When oven has heated, place the rack with the beef on one of the top spots. Then, place a baking sheet lined with foil on the rack below it to catch the drippings.6

#7 Step

Keep the oven door open an inch or two in order to help with heat circulation. Be sure to use something wooden or metal—plastic will melt! Allow beef to dehydrate anywhere from one to four hours, depending on the type of meat being used.7

#8 Step

Once beef has reached a dry and leathery texture, it is ready to be taken out of the oven, cooled and kept at room temperature, then enjoyed!8

Related: How To Make Pemmican – The Ultimate Survival Food

The honey teriyaki recipe featured is one of many possible flavors that can be made—simply choose any favorite marinade and omit the oil in order to make it into a jerky.

For a quick barbeque flavored jerky, simply marinade the meat in any barbeque sauce of choice.

Different types of protein can be used as well, including lean turkey breast.

If feeling adventurous, venison or bison meat will also make a great jerky.

In addition to being able to make different flavors that may not be found in a store, it’s also possible to choose to make lower sodium options. For example, a low-sodium soy sauce may be used if salt intake is a concern.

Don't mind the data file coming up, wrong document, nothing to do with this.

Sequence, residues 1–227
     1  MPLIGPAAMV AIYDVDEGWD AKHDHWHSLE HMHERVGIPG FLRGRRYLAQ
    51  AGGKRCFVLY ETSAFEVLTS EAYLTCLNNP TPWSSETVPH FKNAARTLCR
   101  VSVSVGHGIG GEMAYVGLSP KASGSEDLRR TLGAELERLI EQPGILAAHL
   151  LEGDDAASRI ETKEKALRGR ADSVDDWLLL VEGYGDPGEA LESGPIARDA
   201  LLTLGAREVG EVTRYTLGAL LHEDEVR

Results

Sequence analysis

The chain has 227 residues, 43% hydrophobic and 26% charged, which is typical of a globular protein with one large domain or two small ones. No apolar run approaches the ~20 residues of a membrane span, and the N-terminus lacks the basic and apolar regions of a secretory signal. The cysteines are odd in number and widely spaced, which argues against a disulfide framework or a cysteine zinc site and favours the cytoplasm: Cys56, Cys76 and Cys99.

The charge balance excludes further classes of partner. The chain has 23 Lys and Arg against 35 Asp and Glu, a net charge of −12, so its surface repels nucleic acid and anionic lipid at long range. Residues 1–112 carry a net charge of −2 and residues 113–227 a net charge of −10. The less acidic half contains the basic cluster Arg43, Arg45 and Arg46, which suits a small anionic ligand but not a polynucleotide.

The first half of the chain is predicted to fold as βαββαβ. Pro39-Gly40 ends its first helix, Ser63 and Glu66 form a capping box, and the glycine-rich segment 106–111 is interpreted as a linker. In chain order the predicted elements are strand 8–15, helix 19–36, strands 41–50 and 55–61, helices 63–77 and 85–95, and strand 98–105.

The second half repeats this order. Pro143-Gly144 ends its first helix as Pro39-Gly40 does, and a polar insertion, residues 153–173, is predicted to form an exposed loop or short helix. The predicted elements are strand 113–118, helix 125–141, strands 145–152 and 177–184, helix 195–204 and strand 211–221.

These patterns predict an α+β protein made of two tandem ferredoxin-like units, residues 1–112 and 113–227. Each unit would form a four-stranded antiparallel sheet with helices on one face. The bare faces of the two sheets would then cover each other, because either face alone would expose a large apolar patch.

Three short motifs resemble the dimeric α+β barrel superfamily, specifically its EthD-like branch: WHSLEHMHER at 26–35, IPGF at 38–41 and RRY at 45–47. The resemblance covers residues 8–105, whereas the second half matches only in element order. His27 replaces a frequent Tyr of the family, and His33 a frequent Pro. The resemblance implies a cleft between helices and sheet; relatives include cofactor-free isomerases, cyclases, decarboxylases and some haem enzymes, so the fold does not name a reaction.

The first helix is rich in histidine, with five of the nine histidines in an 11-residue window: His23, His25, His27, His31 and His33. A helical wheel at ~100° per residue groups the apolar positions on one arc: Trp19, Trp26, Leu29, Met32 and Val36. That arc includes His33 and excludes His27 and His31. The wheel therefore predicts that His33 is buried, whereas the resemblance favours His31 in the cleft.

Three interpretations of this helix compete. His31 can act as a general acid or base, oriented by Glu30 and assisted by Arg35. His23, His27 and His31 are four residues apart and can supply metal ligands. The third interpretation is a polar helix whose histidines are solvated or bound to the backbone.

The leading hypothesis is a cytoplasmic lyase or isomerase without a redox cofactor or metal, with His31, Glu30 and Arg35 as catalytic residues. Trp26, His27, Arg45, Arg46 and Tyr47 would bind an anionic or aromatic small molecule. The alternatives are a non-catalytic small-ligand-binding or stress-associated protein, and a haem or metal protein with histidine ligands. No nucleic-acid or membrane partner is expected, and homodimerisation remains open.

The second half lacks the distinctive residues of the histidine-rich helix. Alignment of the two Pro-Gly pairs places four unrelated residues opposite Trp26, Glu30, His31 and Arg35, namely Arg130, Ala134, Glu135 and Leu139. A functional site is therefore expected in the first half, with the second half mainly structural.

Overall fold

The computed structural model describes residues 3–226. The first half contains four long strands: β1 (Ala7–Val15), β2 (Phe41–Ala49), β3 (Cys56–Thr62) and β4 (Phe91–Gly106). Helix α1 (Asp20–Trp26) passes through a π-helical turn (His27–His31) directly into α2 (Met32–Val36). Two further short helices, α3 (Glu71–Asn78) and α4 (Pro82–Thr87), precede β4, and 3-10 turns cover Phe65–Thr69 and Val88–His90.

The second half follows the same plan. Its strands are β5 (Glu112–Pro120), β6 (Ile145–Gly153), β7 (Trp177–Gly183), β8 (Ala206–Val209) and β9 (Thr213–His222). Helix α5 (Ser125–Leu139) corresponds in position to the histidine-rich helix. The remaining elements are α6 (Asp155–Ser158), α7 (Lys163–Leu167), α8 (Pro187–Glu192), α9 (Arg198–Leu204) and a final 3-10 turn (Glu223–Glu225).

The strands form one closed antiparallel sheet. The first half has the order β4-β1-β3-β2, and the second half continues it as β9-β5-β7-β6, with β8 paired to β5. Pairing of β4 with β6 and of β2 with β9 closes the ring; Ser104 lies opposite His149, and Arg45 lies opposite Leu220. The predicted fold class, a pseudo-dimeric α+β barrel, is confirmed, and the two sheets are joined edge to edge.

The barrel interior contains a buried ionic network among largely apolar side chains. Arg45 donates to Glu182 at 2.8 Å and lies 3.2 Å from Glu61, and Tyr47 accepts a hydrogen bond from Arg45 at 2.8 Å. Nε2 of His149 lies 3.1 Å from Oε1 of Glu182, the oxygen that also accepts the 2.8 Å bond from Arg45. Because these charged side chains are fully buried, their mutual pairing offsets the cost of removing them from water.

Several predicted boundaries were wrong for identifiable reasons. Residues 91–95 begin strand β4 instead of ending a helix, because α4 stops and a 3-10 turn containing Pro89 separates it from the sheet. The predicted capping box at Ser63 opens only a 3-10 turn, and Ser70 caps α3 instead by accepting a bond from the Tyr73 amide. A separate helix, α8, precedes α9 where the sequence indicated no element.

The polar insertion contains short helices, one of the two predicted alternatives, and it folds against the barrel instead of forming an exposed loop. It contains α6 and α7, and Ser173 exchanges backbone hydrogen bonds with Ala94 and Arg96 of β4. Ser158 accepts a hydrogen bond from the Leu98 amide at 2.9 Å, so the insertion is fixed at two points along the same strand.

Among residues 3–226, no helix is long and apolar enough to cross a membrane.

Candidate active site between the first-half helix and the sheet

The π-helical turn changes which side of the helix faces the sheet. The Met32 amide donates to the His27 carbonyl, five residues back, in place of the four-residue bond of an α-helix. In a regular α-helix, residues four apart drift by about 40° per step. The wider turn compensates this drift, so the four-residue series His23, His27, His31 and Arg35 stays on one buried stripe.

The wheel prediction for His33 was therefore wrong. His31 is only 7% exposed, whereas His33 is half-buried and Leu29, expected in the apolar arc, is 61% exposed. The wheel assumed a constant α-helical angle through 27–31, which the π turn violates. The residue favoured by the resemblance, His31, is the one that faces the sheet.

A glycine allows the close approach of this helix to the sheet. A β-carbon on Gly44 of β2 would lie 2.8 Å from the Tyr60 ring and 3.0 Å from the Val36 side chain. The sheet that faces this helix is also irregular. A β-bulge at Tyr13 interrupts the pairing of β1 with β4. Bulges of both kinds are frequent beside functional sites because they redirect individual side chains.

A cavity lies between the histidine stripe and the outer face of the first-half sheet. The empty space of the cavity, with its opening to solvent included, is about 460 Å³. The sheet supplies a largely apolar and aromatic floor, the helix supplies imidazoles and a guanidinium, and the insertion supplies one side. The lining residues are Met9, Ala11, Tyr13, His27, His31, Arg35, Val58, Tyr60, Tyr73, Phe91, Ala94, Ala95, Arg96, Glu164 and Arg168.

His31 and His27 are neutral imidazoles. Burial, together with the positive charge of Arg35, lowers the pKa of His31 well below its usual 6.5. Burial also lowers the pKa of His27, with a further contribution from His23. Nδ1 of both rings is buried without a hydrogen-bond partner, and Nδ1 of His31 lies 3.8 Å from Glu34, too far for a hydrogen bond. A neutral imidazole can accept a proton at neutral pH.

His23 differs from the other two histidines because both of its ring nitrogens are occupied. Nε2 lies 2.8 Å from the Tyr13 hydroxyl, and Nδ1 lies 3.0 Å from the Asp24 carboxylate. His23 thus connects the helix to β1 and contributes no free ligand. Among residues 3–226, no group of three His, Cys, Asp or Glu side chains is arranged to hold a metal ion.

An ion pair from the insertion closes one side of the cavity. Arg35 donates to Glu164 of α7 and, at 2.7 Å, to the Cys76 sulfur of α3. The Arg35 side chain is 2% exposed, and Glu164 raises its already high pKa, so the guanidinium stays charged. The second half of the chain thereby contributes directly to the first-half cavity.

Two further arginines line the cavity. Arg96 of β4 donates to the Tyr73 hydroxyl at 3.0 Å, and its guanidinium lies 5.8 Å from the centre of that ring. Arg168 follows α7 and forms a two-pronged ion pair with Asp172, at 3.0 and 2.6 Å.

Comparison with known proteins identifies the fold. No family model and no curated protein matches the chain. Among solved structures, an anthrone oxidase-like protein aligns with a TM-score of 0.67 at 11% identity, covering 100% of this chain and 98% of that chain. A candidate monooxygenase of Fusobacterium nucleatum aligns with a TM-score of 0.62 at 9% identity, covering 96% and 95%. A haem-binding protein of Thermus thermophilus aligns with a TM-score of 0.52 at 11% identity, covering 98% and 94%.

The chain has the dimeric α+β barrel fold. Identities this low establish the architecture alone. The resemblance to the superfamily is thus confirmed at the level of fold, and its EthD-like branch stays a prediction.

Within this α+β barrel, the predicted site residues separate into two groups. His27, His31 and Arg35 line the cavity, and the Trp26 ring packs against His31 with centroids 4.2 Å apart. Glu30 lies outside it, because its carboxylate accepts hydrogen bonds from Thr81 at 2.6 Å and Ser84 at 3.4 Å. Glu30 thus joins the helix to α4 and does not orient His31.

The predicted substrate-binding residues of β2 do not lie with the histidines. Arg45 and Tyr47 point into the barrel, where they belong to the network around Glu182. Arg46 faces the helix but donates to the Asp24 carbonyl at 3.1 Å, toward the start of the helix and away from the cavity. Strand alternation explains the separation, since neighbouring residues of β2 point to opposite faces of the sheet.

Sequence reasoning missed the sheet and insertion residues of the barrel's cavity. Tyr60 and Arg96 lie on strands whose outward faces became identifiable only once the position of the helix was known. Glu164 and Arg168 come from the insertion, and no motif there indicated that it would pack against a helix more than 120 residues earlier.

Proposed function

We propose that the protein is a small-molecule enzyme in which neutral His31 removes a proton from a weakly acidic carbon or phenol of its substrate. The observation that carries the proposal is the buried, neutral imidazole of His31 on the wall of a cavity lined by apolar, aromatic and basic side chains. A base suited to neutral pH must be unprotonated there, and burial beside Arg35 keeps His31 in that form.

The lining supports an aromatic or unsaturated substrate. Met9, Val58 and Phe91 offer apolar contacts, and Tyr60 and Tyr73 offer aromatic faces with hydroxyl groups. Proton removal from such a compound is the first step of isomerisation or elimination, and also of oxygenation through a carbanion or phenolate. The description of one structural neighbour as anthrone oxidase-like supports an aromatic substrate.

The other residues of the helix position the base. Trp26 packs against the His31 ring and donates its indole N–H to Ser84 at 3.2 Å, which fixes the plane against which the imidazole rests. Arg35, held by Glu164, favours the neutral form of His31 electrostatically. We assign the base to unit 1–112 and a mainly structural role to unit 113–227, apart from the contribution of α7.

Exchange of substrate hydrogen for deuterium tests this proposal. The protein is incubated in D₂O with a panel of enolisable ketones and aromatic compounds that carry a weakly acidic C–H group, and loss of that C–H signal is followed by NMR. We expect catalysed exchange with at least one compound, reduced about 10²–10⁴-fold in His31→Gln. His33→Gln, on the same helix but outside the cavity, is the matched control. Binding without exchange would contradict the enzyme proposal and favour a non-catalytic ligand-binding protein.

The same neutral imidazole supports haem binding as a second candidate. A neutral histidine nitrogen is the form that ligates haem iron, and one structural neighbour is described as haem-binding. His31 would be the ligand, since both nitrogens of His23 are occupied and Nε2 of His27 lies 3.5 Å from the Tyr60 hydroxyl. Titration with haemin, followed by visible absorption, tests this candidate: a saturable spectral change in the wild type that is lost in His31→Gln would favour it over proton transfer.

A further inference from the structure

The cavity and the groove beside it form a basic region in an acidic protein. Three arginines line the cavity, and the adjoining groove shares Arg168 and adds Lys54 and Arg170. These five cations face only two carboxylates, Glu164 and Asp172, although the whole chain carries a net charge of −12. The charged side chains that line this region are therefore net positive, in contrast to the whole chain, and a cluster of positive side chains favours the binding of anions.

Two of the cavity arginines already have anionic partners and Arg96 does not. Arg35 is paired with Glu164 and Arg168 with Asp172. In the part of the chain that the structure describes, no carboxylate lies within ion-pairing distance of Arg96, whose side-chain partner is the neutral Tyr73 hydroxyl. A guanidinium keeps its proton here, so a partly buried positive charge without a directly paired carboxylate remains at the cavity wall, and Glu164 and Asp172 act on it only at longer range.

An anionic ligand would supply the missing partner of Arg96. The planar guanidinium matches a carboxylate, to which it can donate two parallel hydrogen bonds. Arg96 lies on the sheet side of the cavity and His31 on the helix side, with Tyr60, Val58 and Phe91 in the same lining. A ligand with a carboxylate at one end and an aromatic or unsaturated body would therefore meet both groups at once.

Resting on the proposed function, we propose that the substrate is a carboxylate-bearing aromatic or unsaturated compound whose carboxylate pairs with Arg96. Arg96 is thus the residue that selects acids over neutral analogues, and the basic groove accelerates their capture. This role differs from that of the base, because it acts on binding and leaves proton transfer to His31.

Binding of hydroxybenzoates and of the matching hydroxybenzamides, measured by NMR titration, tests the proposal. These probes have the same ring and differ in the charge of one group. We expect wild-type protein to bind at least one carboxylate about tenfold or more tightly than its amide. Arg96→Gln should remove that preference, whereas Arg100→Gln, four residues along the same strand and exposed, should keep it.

Beef Jerky can be stored or taken anywhere very easily, making it a perfect snack to travel with. High in protein, beef jerky is a delicious way to maintain a healthy lifestyle. The best way to store it is in a vacuum sealed mylar bag, in a cool dark place like the pantry, away from the stove or other appliances and sunlight. For even longer storage you can freeze your beef, turkey or pork jerky until ready to use. And because of its up to 6 month shelf-life it can be a great survival food to at to your stockpiles.

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Claude Nelson
By Claude Nelson September 20, 2016 12:38
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  1. Catryna September 21, 01:26

    Call this what you want, I have been making jerky for over 40 years and this is not how you make jerky or dried meat. 140 degrees? That is not drying, that is cooking. The only way to dry meats, fruit, vegetables, etc, properly, is in a dehydrator or in the heat of the sun. And not over 110-15 degrees.

    Reply to this comment
    • Rick September 21, 16:43

      Maybe that’s why they are saying to keep the over door open some to vent off the heat. I’m just sayin maybe?

      Reply to this comment